Sophia Bendz
6 min readJun 11, 2019


How I angel invest and what it means to me

In November 2018, Atomico started its Angel Programme, which I am leading with my colleague Will Dufton. Each year, we’re letting 12 outstanding individuals from across the European tech ecosystem invest $100K.

Given that 93% of the funding in Europe last year went to all-male founding teams, it’s obvious that capital is not being allocated in a way that reflects our society or encourages a broader set of people to become entrepreneurs. And that’s just gender — diversity of all kinds is lacking in our ecosystem. That’s why we hope the angel program will activate a new generation of angel investors and tap into underrepresented founder groups.

A half-year in, the program has sparked deep discussions among the angels and generated learnings and insights. We want to share those insights here with the hope that they will inspire and inform potential angels, current angels, and founders alike.

As the head of the angel program, I want to kick off this series by sharing about my own experience being an angel. I have been angel investing since 2012 while at and after spending 8 years at Spotify and have backed 34 companies.

Why do I do it?

Simply defined, a business angel is according to wikipedia “An angel investor is an affluent individual who provides capital for a business start-up, usually in exchange for convertible debt or ownership equity. Angel investors usually give support to start-ups at the initial moments and when most investors are not prepared to back them.”

For me, angel investing is four things.

  1. A way to put my money to better use (and hopefully better returns) than letting it sit in a bank account or buy expensive things we don’t need
  2. A way to give back to the community by sharing my learnings, insight, feedback, and a good dose of encouragement on the tough days. I know how intense it is to be on a start-up journey!
  3. A way to continue to learn, especially about how things are being dealt with operationally today by the best in the industry. This helps me keep my knowledge up-to-date. Partnering with founders gives me much more than a financial reward, I also receive rewarding conversations, positive energy, and meaningful relationships and many times the best deal flow comes from the founders I have backed.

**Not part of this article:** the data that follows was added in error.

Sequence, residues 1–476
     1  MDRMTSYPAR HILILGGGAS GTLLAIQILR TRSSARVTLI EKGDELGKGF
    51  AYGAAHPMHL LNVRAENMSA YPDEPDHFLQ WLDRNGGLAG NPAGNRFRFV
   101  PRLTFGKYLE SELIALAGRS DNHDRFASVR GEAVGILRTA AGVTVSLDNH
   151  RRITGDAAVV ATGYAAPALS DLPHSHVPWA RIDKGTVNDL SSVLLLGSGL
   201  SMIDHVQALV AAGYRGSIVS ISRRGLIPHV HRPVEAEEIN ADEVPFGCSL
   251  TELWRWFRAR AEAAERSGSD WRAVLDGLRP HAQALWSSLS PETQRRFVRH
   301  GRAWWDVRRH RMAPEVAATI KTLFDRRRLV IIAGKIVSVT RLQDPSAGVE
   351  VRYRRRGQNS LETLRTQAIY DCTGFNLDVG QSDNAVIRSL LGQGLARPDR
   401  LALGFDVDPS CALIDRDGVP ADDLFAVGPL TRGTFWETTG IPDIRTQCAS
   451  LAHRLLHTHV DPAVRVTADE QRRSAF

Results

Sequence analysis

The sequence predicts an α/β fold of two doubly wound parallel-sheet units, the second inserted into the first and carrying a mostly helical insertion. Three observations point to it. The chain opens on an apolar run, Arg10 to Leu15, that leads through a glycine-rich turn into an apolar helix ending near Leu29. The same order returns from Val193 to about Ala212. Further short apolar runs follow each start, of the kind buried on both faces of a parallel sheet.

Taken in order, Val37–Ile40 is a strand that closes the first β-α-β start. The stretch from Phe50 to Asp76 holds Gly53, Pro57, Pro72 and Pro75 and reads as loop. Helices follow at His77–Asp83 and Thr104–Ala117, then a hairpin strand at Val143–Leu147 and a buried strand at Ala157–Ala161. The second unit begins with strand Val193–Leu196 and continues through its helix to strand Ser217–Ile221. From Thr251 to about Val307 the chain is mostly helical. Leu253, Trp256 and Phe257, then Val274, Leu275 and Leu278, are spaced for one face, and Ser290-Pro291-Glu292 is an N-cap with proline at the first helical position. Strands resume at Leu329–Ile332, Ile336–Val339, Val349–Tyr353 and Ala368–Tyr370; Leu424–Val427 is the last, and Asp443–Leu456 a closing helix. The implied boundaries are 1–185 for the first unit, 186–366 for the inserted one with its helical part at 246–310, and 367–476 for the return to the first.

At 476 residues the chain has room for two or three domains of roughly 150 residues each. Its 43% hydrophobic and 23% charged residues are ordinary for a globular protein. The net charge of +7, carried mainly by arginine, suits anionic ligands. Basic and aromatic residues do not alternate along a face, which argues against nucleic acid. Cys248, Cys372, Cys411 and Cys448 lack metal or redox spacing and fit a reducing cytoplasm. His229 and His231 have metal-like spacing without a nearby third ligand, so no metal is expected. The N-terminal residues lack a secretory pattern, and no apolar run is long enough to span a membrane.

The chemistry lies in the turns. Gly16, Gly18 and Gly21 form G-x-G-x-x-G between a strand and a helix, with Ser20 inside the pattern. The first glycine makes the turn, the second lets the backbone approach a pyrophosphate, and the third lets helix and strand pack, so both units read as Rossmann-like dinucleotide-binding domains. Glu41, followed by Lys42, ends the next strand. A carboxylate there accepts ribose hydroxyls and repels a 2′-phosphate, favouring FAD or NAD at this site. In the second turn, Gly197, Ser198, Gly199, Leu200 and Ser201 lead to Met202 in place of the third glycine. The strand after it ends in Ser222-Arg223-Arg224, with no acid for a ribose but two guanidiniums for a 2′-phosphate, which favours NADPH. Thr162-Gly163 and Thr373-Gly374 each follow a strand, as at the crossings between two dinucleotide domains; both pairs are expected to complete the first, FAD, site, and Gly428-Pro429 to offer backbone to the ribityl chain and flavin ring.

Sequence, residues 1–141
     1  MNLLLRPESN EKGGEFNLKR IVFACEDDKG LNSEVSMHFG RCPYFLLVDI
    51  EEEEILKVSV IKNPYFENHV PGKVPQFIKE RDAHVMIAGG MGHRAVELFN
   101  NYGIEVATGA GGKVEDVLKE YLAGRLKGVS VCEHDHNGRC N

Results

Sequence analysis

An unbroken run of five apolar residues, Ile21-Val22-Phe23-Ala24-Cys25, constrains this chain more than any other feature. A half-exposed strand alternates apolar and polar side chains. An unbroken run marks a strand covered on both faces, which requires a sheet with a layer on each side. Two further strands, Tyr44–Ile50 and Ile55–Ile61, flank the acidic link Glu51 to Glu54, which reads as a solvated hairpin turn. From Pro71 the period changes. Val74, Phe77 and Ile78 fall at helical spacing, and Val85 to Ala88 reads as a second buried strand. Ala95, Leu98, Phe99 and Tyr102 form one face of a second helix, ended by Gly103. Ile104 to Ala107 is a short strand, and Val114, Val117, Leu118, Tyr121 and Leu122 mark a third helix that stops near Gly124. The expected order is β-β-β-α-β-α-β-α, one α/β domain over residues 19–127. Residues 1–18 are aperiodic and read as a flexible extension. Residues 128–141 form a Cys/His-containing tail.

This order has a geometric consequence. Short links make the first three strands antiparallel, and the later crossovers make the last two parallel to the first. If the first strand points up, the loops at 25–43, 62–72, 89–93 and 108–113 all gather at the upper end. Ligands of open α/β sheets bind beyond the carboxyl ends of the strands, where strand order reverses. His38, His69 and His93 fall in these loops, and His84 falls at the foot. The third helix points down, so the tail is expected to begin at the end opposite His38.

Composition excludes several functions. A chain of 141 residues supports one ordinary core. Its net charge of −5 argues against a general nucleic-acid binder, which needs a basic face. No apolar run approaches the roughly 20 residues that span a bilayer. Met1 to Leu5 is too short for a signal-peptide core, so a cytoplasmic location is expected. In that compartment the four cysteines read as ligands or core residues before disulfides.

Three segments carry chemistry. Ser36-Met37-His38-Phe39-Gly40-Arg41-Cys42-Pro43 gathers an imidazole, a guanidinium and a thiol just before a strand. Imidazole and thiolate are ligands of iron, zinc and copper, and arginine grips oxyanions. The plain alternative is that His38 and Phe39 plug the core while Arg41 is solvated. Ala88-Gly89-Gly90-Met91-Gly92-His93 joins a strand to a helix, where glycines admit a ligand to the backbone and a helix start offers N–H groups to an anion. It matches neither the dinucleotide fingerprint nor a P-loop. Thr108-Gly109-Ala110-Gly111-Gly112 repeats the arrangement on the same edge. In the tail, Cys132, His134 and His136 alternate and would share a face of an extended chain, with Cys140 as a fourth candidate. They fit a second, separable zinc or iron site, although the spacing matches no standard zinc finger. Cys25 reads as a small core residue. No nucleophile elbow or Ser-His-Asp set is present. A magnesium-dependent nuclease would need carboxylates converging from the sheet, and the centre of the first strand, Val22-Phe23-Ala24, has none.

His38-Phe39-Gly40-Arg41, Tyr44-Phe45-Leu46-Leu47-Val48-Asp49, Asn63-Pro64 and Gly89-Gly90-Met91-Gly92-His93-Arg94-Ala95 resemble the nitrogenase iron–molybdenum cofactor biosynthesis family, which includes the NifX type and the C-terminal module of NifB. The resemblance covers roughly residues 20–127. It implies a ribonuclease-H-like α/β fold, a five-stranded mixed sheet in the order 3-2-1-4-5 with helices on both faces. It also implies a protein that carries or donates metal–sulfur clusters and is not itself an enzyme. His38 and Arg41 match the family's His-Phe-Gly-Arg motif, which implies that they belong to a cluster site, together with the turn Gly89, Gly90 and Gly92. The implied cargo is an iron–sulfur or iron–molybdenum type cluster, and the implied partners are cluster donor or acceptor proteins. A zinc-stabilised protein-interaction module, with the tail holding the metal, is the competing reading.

4. A way to contribute to improving the lives of others and dramatically reshaping the world. I want to back founders who are making a positive impact on our entire world, and I am so happy that I can enable that change.

How does it work?

First, you have to define what you can bring to the table as an angel. What value can you bring to founders?

In my case that is advice and insights about marketing, brand building, communications strategy, building culture and international expansion because those are the things I have spent my career doing. The best founders often have many people offering them money and being clear with them about your value-add as an angel will help them make a decision about which investors to partner with.

Second, you have to set your investment principles. Here is a list of my principles:

  • I want to invest in founders based geographically close to me so that I can meet face to face with them regularly
  • I prefer to back female founders but it is not a must
  • I like consumer ideas more than enterprise
  • I like to co-invest with other investors that I respect
  • I’m not investing if the founders aren’t still involved
  • I don’t want to invest if the founders aren’t full-time dedicated
  • I will not invest if the cap table is unequal or there are investors who are not adding value but own a significant part of the business or if the founder does not own a meaningful stake of his/hers own business
  • I am not looking to invest in big rounds, but angel or seed stage opportunities

Third, you have to secure deal flow. In my experience, I met with interesting founders simply because I was a part of the tech and start-up ecosystem, and I know the same is true for our angels. Finding your peers and being valuable to people in your surroundings can also create network effects and generate deal flow. I meet a lot of founders with interesting businesses that might not be right for me but for other angels in my network and I try and connect the dots and make the intro’s so Im even if I’m not investing Im able to bring value through connecting founders and angels and funds to each other.